Cheers

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Old 14th Feb 2020, 11:37 pm   #9
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Default Re: 1950's Speaker Connection Plug

Ah, that it explains it; must be tinned copper.

Thanks Mike
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Old 15th Feb 2020, 11:46 pm   #10
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Default Re: 1950's Speaker Connection Plug

Quote:
Originally Posted by Hartley118 View Post
Rather than the common 4mm plugs, wander plugs are 3mm.

Not sure what caused this handy size to go obsolete.

Martin
Aren't they 1/8" rather than 3mm?

3mm plugs (still available) will fit well enough usually.
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Old 16th Feb 2020, 12:03 am   #11
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Default Re: 1950's Speaker Connection Plug

A good little business for someone in China; these plugs are selling for 12 each on eBay!!!!
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Old 16th Feb 2020, 12:15 am   #12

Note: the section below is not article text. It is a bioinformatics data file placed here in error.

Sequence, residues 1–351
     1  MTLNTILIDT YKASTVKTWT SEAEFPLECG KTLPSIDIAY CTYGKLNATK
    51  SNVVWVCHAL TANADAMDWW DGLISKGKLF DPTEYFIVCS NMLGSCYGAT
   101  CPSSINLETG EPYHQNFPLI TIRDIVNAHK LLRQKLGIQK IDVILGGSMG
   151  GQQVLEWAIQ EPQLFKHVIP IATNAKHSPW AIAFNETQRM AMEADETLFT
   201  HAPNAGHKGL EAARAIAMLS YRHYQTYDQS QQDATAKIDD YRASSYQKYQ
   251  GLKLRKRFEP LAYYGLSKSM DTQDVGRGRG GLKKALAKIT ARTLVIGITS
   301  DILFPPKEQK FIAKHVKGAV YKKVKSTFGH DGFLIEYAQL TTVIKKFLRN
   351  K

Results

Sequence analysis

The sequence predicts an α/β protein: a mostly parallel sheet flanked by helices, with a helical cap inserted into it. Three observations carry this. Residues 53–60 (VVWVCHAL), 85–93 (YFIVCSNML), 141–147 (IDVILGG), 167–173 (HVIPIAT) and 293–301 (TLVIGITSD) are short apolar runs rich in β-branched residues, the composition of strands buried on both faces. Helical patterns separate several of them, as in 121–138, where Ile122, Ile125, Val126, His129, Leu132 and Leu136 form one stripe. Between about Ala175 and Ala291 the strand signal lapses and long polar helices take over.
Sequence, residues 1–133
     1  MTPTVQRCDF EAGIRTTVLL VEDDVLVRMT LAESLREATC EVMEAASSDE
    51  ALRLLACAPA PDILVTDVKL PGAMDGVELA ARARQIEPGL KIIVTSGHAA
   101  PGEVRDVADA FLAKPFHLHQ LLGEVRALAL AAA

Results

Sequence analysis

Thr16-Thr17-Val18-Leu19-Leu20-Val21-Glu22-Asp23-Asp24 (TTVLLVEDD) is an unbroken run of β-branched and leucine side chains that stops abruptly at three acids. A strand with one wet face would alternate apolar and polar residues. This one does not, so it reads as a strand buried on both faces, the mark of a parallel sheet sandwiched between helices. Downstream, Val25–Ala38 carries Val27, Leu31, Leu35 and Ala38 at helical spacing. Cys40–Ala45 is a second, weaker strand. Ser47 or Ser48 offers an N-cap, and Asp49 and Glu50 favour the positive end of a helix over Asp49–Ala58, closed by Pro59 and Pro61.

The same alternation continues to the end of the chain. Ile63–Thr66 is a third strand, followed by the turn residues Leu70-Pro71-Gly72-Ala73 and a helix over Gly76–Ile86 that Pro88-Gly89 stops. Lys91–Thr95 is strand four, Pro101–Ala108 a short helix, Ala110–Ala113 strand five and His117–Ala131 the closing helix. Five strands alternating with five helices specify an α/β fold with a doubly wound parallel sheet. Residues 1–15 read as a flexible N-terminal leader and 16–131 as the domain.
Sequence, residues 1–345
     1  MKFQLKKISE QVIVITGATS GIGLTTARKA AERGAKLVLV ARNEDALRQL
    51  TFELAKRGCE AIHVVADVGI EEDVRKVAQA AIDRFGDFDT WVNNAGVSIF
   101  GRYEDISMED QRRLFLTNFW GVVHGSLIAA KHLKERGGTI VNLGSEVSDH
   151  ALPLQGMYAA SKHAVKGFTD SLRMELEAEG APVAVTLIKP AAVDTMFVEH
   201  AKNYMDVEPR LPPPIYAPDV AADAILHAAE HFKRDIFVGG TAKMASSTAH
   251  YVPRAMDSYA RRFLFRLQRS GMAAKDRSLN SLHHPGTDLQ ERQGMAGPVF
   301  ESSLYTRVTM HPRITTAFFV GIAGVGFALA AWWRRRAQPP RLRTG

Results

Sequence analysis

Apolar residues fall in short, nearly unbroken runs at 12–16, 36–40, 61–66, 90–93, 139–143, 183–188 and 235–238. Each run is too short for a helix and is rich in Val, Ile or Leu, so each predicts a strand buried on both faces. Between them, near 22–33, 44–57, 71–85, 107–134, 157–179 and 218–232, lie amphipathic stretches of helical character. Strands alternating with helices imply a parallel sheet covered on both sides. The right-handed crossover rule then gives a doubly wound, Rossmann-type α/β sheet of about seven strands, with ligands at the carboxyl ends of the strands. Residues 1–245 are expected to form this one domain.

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Default Re: 1950's Speaker Connection Plug

Tinning was necessary with the old rubber-insulated wires because the sulphur that was present in the rubber would attack bare copper. Tinning continued to be used when plastic first replaced rubber. Presumably its general use ceased once it was realised that modern plastics such as PVC do not attack bare copper.

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Old 16th Feb 2020, 12:57 am   #13
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Default Re: 1950's Speaker Connection Plug

It was sometimes also used with single insulated twin cable to differentiate the cores. The plugs would have been 1/8 rather than 3mm back then.
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Old 16th Feb 2020, 2:37 pm   #14
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Default Re: 1950's Speaker Connection Plug

On closer inspection, I can now see that the speaker wires with the tinned wire are actually rubber.

I don't particularly want to replace everything inside the radio as would like to keep as much of the original as possible but would you recommend changing the speaker wires with new?
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Old 16th Feb 2020, 3:48 pm   #15
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Default Re: 1950's Speaker Connection Plug

Quote:
Originally Posted by Herald1360 View Post
Quote:
Originally Posted by Hartley118 View Post
Rather than the common 4mm plugs, wander plugs are 3mm.

Not sure what caused this handy size to go obsolete.

Martin
Aren't they 1/8" rather than 3mm?

3mm plugs (still available) will fit well enough usually.